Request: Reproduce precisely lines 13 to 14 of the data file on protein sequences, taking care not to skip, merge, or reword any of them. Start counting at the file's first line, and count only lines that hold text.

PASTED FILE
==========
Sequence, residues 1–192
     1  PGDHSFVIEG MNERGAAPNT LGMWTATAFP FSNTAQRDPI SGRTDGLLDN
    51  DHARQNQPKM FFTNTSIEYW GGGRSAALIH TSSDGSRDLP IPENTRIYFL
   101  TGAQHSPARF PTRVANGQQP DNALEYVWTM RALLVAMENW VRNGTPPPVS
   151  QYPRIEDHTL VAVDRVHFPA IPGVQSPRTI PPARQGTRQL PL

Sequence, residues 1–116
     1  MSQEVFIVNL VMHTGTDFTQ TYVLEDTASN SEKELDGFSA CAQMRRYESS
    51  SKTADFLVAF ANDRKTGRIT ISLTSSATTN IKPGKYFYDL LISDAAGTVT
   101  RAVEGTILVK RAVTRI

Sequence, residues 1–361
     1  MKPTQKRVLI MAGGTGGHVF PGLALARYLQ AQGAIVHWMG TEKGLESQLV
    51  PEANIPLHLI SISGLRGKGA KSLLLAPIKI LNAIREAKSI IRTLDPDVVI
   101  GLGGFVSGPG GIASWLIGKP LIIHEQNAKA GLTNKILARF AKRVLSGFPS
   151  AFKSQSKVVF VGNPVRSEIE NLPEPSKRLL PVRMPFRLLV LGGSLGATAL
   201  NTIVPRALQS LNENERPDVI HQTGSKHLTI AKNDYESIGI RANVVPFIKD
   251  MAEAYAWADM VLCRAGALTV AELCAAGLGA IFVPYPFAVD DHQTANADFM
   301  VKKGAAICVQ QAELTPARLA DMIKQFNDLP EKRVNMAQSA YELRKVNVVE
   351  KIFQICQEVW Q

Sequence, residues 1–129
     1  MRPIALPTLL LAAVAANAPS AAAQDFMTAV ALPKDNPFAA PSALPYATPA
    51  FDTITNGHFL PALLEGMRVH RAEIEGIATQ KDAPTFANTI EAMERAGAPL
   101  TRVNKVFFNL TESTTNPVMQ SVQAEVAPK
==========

   101  GLGGFVSGPG GIASWLIGKP LIIHEQNAKA GLTNKILARF AKRVLSGFPS
   151  AFKSQSKVVF VGNPVRSEIE NLPEPSKRLL PVRMPFRLLV LGGSLGATAL